United States Volcanic Eruptions, Over the last 6,372 Years.

July 15, 2013 Significant Volcanoes of the United States Over the last 6372 Years, by State: I downloaded all significant volcanic eruptions from 4650 B.C. to 2012 and graphed the 33 that occurred in the U.S. by State (above). Over half (18) occurred in Alaska, nine in Hawaii and two each in the Mariana Islands, Washington State and the Admiralty Islands.

The Mariana Islands were acquired during WWII and are composed of two U.S. Territorial Jurisdictions: (1) The Commonwealth of the Northern Mariana Islands and (2) The Territory of Guam. Both Asuncion and Sarigan (picture above) are located in the Philippine Sea.

The volcanic eruptions listed for Washington State are the same volcano – Mount St. Helens (picture above). The 1860 B.C. eruption was a colossal VEI 6, while the much studied May 18, 1980 eruption was a powerful VEI 5.

The Admiralty Islands (pictured below) are a group of about 40 volcanic and coral islands in the SW Pacific. They are part of Papua New Guinea, in the Bismarck Archipelago; with the largest island by far being Manus. The U.S. maintains a military base there, which was established during WWII. Near the base, in St. Andrew Strait, a volcano erupted in 150 B.C. and on June 27, 1953.

The Hawaiian Island eruptions:

The nine Hawaiian Island eruptions were as follows: Kilauea – 7, Mauna – 1 and Hualalai – 1. These nine eruptions occurred as early as 1790 and as late as February 10, 2010. Of those three Hawaiian volcanoes, Kilauea (picture above) is the most famous, with eruptions almost daily.

The 18 Alaskan eruptions are divided into four groups as follows: (1) The Aleutian Islands – 6, (2) Alaska SW – 6, (3) the Alaskan Peninsula – 4, and (4) Alaska East – 2. Some of the more famous Alaskan Volcanoes are Augustine, Redoubt and Cleveland. The last Alaskan eruption in the database is from Redoubt (pictured below) on March 23, 2009.

(Credits: The Smithsonian National Museum of Natural History, the National Oceanographic and Atmospheric Administration (NOAA), Summary narrative and top graphic – W. G. Foster).

The Master of Disaster

About wfoster2011

Disaster researcher and current financial and economic news and events: Accidents, economics, financial, news, nature, volcanoes, floods, earthquakes, fires; airplane, ship & train wrecks; tornadoes, mine cave-ins, hurricanes, pestilence, blizzards, storms, tzuami's, explosions, pollution, famine; heat & cold waves; nuclear accidents, drought, stampedes and general. Futures trader using high volume and open interest futures markets. Also, a financial, weather and mundane astrologer with over 30 years of experience. Three University degrees from California State University Northridge: BS - Accounting MS - Busines Administration BA - Psychology Served in the U. S. Army as an Armored Platoon Leader in the 5th Battalion, 68th Armored Regiment, 8th Infantry Division (Retired). Have published three books and 36 articles available for sale through my blog: Commodology - Secret of Soyobeans (Financial Astrology) Timing is the Key (Financial Astrology) Scum City, a fiction novel (no longer available, under contract to major publisher) Currently resident of Las Vegas, NV, USA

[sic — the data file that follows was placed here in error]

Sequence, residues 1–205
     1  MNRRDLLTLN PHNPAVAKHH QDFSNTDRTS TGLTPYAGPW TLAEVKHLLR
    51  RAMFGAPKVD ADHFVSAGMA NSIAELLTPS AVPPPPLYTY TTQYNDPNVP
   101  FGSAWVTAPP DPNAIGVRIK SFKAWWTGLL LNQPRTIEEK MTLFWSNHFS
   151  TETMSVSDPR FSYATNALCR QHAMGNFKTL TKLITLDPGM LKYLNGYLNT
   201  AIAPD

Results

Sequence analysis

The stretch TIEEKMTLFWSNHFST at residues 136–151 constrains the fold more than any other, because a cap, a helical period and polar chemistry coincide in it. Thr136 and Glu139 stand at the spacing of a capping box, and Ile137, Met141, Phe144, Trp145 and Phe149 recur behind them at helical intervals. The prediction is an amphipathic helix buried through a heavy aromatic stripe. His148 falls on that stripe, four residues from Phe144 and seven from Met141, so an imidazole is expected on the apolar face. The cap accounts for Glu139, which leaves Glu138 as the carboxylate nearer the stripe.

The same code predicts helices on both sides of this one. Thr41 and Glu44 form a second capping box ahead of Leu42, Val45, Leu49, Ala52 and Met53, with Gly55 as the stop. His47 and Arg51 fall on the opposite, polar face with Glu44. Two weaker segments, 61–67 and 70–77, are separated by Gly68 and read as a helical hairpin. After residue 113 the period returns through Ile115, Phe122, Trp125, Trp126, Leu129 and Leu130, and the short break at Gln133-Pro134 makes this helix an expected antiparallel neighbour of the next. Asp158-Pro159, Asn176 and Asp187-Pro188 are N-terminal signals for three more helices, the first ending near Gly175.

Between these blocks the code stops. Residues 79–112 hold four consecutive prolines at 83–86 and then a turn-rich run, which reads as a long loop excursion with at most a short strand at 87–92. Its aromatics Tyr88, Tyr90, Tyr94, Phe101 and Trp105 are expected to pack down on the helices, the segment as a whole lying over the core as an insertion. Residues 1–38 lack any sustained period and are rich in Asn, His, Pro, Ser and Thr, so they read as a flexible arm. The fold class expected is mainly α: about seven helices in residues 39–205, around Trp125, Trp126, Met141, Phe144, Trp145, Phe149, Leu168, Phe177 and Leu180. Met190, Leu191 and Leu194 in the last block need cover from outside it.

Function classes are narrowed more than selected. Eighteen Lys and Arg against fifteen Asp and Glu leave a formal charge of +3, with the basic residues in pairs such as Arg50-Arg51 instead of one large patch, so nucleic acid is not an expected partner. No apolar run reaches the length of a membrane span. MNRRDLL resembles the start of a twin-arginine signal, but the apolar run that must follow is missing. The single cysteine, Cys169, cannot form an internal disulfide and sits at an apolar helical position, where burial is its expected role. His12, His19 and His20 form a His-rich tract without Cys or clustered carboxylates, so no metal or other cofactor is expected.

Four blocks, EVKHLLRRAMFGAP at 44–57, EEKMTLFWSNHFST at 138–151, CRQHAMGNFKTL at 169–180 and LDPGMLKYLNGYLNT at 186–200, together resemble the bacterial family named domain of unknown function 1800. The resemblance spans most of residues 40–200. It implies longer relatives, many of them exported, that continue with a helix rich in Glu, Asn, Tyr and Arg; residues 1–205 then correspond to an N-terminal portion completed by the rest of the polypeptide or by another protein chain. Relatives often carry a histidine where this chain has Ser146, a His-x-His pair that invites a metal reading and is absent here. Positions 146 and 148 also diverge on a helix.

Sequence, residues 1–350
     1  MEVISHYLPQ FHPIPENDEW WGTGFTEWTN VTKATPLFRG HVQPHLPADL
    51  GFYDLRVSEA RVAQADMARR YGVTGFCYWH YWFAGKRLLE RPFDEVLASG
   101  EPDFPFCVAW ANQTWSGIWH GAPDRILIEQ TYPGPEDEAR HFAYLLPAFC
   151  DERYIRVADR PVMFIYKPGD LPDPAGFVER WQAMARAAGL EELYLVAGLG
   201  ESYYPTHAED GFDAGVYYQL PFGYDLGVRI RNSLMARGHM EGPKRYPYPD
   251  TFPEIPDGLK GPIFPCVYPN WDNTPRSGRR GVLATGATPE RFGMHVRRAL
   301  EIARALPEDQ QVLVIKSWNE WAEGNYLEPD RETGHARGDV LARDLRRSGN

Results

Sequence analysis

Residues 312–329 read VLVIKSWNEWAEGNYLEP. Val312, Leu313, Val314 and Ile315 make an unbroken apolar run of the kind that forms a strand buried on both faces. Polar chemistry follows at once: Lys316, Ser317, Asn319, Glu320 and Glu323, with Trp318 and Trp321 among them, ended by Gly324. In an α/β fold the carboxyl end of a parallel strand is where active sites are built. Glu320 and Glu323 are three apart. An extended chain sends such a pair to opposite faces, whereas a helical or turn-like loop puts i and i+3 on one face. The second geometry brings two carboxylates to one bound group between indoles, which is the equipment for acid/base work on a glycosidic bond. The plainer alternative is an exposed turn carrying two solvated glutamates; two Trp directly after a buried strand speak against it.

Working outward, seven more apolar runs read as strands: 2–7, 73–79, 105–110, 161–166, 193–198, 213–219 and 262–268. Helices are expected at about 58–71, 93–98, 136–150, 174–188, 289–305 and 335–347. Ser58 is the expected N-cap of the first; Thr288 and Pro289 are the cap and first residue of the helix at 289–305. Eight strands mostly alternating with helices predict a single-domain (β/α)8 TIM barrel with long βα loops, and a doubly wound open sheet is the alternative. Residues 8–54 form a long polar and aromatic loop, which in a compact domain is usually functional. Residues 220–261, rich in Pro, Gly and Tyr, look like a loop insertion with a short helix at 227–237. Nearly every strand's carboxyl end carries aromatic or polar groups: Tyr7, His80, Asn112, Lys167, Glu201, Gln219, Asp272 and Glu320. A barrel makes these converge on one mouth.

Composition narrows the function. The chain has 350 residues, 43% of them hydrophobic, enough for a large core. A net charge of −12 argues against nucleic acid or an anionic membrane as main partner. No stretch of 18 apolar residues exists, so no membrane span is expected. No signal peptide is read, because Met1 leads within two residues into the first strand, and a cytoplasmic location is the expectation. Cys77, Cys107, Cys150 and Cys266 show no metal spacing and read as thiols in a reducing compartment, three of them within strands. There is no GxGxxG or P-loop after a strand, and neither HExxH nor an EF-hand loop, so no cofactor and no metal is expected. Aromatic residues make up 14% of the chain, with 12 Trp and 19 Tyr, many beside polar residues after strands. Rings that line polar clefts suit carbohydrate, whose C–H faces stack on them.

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6 Responses to United States Volcanic Eruptions, Over the last 6,372 Years.

  1. --Rick says:

    I read that Yosemite is a super volcano well overdue [not sure how the scientists calculate that] for a blow out and that it has the potential to create massive destruction over one third of the U.S. Volcanology appears to be about as reliable as climate change science. You go to one site and they tell you that there is no chance of a catastrophic blow up for at least 1,000, if not 100,000 years.

    Meanwhile, <a href="http://www.theblaze.com/stories/is-america-headed-for-yellowstone-super-volcano-eruption-catastophe/another site tells you that 2/3rds of the country would be uninhabitable should Yosemite blow and that it is quite possible that it could erupt anytime. They site 3 eruptions over 1.2 million years; the last being just around your beginning point at an estimate of 600,000 years.

    Any insight on Yosemite? [I’m on the east coast, so I’m not very alarmed for myself, although, it seems that realistically, were it to erupt as the second source states, no one would really be safe.

    • wfoster2011 says:

      The Yosemite Caldera is indeed a super volcano, although their is considerable debate on when, or if, it will erupt in the near future. Read my post on this subject, December 18, 2011. Just type “Beauty and the Beast” into the search box in the upper right hand corner of the main page, under the words, “Email Subscriptions.”
      I doubt that it will erupt anytime soon, but if it does it would it would make Krakatau, Tambora and St. Helens look like childs play. The entire planet would be catrostrophically alterned forever. It would be a global disaster of biblical proportions!
      yours,
      Bill Foster

  2. I live in Mooresville NC and our land is full of lava rocks. We live around 2 hrs from Boone NC which is the closest mountains to us. So my question is where and how long ago did this volcano erupt. Now when I say alot of rocks I mean A LOT…..Thank You Julie Cantrell.

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